Oil and Gas Well Drilling and Servicing » Glossary of Terms - B

This is an abridged version of the Dictionary of Petroleum Terms provided by Petex and the University of Texas Austin. © Petex 2001

v: line with a Babbitt metal. n: a lead/tin alloy with some copper and antimony.

v: reverse backlash of tongs, left on a pipe or collar, during the pipe spinning operations.

back off
v: to unscrew one threaded piece (such as a section of pipe) from another.

back-in unit
n: a portable servicing or workover rig that is self-propelled, using the hoisting engines for motive power. Because the driver's cab is mounted on the end opposite the mast support, the unit must be backed up to the wellhead.

n: 1. a cylindrical steel bar (similar to the handle or bail of a bucket, only much larger) that supports the swivel and connects it to the hook.

n: a long, cylindrical container fitted with a valve at its lower end, used to remove water, sand, mud, drilling cuttings, or oil from a well in cable-tool drilling.

ball-and-seat valve
n: a device used to restrict fluid flow to one direction. It consists of a polished sphere, or ball, usually of metal, and an annular piece, the seat, ground and polished to form a seal with the surface of the ball. Gravitational force or the force of a spring holds the ball against the seat. Flow in the direction of the force is prevented, while flow in the opposite direction overcomes the force and unseats the ball.

v: to plug open perforations by using ball sealers.

n: barium sulfate, BaSO4; a mineral frequently used to increase the weight or density of drilling mud. Its relative density is 4.2 (meaning that it is 4.2 times denser than water). See barium sulfate, mud.

barium sulfate
n: a chemical compound of barium, sulfur, and oxygen (BaSO4), which may form a tenacious scale that is very difficult to remove. Also called barite.

(bbl) n: 1. a measure of volume for petroleum products in the United States. One barrel is the equivalent of 42 U.S. gallons or 0.15899 cubic meters (9,702 cubic inches).

n: a device placed in the drill or work string that catches debris when a drillable object is being milled or drilled downhole.

n: a steel or other structural member.

Beam Pumping Unit

beam pumping unit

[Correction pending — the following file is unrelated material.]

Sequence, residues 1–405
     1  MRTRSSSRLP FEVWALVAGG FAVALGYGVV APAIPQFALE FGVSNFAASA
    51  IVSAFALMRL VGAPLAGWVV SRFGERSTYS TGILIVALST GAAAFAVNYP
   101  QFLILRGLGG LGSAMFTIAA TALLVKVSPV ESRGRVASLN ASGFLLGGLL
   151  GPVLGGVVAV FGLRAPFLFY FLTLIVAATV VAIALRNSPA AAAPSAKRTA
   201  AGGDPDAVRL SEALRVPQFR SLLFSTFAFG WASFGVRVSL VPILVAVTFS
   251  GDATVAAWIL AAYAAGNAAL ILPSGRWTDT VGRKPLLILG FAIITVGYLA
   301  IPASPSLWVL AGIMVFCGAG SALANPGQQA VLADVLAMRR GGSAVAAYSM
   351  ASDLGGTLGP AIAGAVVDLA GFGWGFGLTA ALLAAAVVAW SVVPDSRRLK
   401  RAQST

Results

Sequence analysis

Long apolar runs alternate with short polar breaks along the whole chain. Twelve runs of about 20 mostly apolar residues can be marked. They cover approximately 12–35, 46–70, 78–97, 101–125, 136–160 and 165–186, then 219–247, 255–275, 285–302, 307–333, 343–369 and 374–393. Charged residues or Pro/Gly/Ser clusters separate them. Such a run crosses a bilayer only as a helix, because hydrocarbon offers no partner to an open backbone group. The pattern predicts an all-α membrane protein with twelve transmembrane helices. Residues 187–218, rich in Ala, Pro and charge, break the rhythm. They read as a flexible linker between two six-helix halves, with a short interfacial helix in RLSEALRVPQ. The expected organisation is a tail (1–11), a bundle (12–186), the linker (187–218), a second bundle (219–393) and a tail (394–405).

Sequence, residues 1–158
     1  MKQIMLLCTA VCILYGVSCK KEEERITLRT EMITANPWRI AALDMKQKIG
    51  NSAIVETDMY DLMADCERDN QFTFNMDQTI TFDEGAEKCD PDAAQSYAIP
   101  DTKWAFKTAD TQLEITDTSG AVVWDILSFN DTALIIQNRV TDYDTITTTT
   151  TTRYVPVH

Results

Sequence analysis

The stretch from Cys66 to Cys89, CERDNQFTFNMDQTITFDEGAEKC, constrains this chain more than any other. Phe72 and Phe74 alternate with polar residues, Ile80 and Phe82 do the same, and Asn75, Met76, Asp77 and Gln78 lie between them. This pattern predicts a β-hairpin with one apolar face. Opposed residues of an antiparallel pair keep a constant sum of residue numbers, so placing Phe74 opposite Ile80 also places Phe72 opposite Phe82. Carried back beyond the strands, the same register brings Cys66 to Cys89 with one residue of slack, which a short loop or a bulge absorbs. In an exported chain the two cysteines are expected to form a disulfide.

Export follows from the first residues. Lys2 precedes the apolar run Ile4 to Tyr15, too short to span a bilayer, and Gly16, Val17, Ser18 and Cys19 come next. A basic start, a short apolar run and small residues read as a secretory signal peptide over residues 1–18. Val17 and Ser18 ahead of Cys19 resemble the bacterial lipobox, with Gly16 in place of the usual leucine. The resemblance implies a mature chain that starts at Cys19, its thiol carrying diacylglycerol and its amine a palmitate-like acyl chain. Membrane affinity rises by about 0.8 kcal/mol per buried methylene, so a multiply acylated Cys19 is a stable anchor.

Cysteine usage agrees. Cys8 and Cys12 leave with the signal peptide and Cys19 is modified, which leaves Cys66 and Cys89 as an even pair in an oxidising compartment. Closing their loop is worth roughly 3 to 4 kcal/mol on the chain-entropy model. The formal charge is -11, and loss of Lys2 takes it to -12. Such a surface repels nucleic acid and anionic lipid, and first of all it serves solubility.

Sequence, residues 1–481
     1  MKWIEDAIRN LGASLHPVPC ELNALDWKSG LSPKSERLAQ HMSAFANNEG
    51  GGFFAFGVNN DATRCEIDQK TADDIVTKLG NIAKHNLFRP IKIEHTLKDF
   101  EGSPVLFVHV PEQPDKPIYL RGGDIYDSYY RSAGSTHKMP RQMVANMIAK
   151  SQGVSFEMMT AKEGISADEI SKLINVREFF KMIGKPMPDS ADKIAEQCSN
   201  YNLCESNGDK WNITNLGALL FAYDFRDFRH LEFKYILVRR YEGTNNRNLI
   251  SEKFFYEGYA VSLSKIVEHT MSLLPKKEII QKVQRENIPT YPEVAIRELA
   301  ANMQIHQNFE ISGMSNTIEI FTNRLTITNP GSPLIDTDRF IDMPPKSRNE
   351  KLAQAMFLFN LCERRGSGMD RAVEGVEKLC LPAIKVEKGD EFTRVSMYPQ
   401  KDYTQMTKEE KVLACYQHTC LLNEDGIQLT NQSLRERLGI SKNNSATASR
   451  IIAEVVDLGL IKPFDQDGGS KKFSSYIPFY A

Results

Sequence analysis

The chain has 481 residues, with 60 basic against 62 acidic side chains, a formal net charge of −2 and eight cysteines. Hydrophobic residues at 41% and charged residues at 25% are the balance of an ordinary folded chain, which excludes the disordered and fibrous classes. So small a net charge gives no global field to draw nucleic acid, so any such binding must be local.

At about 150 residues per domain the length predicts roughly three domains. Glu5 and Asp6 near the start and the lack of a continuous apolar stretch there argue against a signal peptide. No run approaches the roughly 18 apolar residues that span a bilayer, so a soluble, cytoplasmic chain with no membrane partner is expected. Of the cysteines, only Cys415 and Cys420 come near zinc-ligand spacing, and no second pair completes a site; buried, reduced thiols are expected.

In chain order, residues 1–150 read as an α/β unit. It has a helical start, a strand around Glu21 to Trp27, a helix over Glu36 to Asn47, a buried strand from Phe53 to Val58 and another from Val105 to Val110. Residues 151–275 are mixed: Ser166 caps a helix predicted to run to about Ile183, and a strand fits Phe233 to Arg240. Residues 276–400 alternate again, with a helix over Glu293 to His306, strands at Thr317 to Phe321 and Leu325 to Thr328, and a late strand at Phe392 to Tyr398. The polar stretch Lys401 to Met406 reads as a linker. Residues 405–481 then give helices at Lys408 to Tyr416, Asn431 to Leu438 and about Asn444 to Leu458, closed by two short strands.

n: a machine designed specifically for sucker rod pumping. An engine or motor (prime mover) is mounted on the unit to power a rotating crank. The crank moves a horizontal member (walking beam) up and down to produce reciprocating motion. This reciprocating motion operates the pump.

n: a flexible band or cord connecting and wrapping around each of two or more pulleys to transmit power or impart motion.

belt guard
n: a protective grill or cover for a belt and pulleys.

bent sub
n: a short cylindrical device (generally angular) installed in the drill stem between the bottommost drill collar and a downhole motor.


n: the cutting or boring element used in drilling oil and gas wells.

bit program
n: a plan for the expected number and types of bits that are to be used in drilling a well.

bit record
n: a report that lists each bit used during a drilling operation.

bit sub
n: a sub inserted between the drill collar and the bit.

v: to drain off liquid or gas, generally slowly, through a valve called a bleeder. To bleed down, or bleed off, means to release pressure slowly from a well or from pressurized equipment.


n: one or more pulleys, or sheaves, mounted into a common framework in order to rotate on a common axis. The crown block is an assembly of sheaves mounted on beams at the top of the derrick or mast. The traveling block is an assembly of sheaves mounted in a framework that allows the block to move up and down by use of the drilling line that is reeved over the crown block sheaves and through the traveling block sheaves.

n: an uncontrolled flow of gas, oil, or other well fluids from the well.

Blowout Preventer

blowout preventer (BOP)
n: one or more valves installed at the wellhead to prevent the escape of pressure either in the annular space between the casing and the drill pipe or in open hole (for example, hole with no drill pipe) during drilling or completion operations. See annular blowout preventer and ram blowout preventer.

blowout preventer control panel
n: controls, opens and closes the blowout preventers. See blowout preventer.

blowout preventer control unit
n: a device that stores hydraulic fluid under pressure in special containers and provides a method to open and close the blowout preventers.

blowout preventer stack (BOP stack)
n: the assembly of well control equipment including preventers, spools, valves, and nipples connected to the top of the wellhead.

abbr: blowout preventer.

BOP stack
n: the assembly of blowout preventers installed on a well.

n: 1. the inside diameter of a pipe or a drilled hole. v: to penetrate or pierce with a rotary tool. Compare tunnel.

n: the lowest or deepest part of a well.

bottomhole assembly